There was a prominent regional difference among the basal expressional levels of prt6 transcripts in the rat brain that were relatively low in the thalamus but high in the neocortex and hippocampus (Figure 3B). By contrast, the thalamus displayed much larger percentages of increase in prt6 mRNA expression after PCP injection than the two brain areas (Figure 5), suggesting a significant role of thalamic prt6 in psychotomimetic effects of PCP. Indeed, based upon the extracellular recordings and brain activity mapping by c-fos gene expression, Santana et al. [39] provided convergent evidence indicating that the thalamus may be one of the primary sites of psychotomimetic action of PCP.

It is generally accepted that non-coding RNAs such as micro-RNAs control the expression of target genes by interacting with their anti-sense sequences against the restricted nucleotide sequences of the respective non-coding RNAs. More recently, evidence has accumulated indicating that long non-coding RNAs contribute to structural or chemical modifications of chromatin and gene activation besides the well-known repression of gene expression [40]. The non-coding RNA, prt6, could exert regulatory roles in gene expression in its full length and/or its putative non-coding variants, as shown in Figure 2A. From Northern blot analysis of the thalamic poly-A RNAs, PCP seems to chiefly augment the expression levels of the 3.0- and 1.9-kb RNAs (Figure 1B), Fragment-Y and -X, respectively (Figure 2). The former changes are consistent with quantitative RT-PCR studies using the different primer sets for the 5 distinct parts throughout the putative prt6 non-coding RNA showing a similar magnitude of PCP-induced increase in the expression level of each PCR product (Figure 2C). These observations also support the presence of approximately 3.0-kb transcripts of prt6 (Figure 2A).

The upregulated 3.0-kb (Fragment Y) product could act in the brain, at least in part, as a long primary transcript (pri-miRNA) for miR-132 and/or miR212, because the sequences of these micro-RNAs are tandemly located within the transcript. In agreement with this, our recent DNA microarray experiments showed that PCP administered with the same regimen as in the present study suppresses the neocortical expression of the predicted targets of these two miRNAs, PAIP2A and H2AFZ (unpublished data), suggested by sequence analyses (miRanda and TargetScan) of miR-132 and miR212. Because these micro-RNAs have been shown to play important roles in the development, maturation, and function of neurons [41], [42], the minimal and marked developmental changes in the basal expression of prt6 (Figure 4) and miR-132 [42], respectively, could be accounted for by the possible alterations in the processing of various non-coding RNAs related to prt6 during embryonic and pre-weaning periods.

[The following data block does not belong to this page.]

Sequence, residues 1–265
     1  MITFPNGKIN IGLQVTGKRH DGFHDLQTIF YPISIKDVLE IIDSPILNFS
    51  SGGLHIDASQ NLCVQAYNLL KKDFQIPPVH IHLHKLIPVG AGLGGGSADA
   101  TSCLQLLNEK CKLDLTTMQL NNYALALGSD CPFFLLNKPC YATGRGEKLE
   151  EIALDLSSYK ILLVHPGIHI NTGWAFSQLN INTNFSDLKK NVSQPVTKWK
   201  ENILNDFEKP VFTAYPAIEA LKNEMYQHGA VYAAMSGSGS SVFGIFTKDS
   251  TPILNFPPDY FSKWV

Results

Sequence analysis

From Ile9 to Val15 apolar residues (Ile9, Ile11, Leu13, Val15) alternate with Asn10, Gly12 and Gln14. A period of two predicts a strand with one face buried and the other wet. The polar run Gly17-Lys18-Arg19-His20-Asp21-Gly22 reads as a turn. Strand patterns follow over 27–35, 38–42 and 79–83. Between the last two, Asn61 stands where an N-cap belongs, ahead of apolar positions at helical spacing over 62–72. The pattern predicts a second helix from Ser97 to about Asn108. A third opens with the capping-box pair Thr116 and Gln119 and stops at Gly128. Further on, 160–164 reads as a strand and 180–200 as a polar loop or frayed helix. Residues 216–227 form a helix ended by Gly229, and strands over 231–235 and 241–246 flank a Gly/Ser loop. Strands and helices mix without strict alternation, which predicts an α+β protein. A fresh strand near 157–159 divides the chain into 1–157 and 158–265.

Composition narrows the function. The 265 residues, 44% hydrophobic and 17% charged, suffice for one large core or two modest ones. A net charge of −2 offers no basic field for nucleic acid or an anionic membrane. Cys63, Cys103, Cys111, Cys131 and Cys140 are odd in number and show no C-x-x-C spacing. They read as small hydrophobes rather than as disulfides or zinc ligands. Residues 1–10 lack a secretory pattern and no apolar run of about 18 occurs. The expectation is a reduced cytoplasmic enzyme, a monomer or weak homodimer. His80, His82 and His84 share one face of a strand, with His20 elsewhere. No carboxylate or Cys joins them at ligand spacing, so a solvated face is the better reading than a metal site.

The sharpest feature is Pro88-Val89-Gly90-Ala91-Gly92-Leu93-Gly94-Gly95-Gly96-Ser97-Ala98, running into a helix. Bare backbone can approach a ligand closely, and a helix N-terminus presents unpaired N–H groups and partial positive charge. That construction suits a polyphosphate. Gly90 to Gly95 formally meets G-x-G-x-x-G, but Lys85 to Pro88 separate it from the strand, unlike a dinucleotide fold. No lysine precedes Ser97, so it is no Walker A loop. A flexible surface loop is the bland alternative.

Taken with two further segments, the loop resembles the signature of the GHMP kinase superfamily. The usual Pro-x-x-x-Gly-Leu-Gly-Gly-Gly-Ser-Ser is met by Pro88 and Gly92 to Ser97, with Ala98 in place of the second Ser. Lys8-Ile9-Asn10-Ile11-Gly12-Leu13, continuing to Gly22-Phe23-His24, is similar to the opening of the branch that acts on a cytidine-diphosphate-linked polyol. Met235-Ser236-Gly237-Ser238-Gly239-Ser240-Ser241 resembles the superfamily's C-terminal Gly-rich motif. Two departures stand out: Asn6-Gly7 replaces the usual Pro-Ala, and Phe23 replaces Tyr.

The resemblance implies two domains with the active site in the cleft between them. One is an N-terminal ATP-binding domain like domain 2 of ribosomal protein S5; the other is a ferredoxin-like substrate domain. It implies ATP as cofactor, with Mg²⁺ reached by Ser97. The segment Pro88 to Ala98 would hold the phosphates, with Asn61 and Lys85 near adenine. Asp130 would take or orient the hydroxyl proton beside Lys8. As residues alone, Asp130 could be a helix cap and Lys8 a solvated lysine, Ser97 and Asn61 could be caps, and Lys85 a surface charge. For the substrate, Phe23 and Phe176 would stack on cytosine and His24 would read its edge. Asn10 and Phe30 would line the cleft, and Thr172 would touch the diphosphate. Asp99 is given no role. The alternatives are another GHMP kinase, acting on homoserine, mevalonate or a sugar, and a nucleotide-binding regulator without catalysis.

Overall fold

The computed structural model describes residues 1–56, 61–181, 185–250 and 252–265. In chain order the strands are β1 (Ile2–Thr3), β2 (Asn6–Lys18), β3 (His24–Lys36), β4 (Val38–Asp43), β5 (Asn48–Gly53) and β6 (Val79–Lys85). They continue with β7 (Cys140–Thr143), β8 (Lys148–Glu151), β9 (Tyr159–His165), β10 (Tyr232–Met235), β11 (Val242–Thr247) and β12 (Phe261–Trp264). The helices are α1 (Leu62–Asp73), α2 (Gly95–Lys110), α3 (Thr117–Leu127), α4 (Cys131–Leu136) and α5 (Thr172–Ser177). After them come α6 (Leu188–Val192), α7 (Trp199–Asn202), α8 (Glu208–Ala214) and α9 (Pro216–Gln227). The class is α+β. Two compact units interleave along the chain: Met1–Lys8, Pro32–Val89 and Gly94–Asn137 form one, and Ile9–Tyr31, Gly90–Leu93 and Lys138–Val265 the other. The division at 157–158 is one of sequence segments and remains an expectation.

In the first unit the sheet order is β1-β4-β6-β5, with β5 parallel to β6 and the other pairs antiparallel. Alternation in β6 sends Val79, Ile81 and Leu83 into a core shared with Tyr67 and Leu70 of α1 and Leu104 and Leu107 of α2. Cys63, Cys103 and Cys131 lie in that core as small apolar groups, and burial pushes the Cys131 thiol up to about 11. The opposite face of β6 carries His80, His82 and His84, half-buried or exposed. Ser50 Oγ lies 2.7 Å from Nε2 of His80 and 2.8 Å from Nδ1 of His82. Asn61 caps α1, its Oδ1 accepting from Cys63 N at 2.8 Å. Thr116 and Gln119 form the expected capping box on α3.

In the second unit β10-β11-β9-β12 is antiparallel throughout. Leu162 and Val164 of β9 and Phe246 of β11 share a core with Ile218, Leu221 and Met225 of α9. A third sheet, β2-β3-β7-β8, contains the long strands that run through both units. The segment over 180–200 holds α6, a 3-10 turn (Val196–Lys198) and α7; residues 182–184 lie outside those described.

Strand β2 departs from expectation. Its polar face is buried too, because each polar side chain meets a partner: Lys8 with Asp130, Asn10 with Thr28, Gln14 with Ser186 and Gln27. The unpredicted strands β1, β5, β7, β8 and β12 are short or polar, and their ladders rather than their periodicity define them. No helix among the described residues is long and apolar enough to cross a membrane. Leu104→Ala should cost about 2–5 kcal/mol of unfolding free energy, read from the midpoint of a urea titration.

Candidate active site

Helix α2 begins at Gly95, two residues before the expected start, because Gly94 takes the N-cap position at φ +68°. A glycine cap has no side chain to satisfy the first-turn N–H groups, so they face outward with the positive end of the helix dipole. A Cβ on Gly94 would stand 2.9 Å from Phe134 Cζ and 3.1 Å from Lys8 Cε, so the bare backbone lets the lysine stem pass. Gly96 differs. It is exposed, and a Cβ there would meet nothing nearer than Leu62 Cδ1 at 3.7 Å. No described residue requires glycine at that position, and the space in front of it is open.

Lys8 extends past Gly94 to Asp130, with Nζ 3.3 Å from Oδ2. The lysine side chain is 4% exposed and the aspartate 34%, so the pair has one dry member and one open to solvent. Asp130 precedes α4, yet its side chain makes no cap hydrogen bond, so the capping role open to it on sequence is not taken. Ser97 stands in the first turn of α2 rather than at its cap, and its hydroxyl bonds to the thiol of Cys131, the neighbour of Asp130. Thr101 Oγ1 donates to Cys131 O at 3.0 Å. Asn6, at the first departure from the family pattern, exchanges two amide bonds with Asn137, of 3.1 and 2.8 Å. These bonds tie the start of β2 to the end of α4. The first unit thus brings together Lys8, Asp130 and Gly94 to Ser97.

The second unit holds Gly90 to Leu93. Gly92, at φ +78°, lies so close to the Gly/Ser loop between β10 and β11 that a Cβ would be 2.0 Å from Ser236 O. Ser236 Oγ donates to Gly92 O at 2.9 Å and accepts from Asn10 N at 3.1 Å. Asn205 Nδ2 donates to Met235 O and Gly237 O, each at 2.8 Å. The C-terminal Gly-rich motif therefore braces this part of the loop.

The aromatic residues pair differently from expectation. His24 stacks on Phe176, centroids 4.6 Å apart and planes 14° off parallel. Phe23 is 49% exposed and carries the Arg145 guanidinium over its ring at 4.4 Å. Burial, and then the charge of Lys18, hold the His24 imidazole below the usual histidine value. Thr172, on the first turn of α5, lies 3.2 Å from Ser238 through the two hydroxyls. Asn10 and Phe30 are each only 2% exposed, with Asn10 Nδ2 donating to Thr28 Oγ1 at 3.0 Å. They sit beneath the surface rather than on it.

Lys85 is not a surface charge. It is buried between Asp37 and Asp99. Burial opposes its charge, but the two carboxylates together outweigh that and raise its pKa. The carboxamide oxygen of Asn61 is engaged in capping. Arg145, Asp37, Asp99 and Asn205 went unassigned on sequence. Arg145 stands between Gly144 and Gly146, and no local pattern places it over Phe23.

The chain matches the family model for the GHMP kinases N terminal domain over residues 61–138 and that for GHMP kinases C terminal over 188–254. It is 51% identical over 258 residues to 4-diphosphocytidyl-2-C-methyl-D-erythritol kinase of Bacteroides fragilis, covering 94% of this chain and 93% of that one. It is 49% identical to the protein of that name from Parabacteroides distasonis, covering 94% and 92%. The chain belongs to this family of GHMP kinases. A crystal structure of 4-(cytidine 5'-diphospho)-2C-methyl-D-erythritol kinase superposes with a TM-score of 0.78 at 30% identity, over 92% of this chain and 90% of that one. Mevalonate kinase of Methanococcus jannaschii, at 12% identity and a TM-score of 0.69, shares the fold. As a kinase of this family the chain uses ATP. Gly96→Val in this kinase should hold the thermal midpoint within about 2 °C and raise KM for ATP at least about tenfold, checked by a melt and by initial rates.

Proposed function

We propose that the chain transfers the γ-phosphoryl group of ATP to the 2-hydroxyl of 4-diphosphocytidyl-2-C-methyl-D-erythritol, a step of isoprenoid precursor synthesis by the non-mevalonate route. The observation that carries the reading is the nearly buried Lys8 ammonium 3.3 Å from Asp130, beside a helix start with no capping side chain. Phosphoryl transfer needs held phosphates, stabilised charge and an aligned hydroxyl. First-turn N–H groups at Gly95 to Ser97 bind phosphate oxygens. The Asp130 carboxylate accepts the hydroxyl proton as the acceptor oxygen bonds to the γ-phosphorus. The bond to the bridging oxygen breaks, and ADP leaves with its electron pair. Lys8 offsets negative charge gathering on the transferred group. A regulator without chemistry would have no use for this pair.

The functional link between the NMDA receptor and prt6 appears to be further supported by the observations of Matsuo et al. (2000) [28] that the RM2 transcript (Figure 2), which shares the nucleotide sequence in the 3′-portion of the prt6 transcript, was upregulated following LTP induction by high-frequency stimulation in the rat hippocampus in an NMDA receptor antagonist-reversible manner. In terms of the NMDA receptor function-related and development-dependent schizophrenomimetic-responsive nature of prt6, it should be noted that miR-132 and miR-212, the sequences of which are found in prt6 RNA (Figure 2), have been reported to be dysregulated in the prefrontal cortex of postmortem brains from schizophrenic patients [43][45]. This dysregulation could be attributed to alterations in the expression of prt6 RNA and/or its cleavage mechanisms.

In conclusion, the current data demonstrate that non-coding RNA-type transcripts of the prt6 gene show developmentally regulated responses to a schizophrenomimetic PCP in an NMDA and D2 receptor-related fashion. The late developing pharmacological feature and presence of the known micro- and long non-coding RNA sequences in the transcripts suggest that the molecular pathways that may comprehensively control the maturation and balance of behavioral and mental functions could include the prt6 non-coding RNA regulatory system, consisting of a certain hierarchy of non-coding RNAs with a different size and structure. A further investigation to clarify the mechanisms of cleavage or editing of the prt6 transcripts and their pathological alterations in schizophrenic brains is now in progress.


We thank Ms. Midori Tanaka, who assisted with the preparation and proof-reading of the manuscript.

Author Contributions

Conceived and designed the experiments: TN. Performed the experiments: HT NY AU TN. Analyzed the data: HT NY TN. Wrote the paper: HT NY AU TN.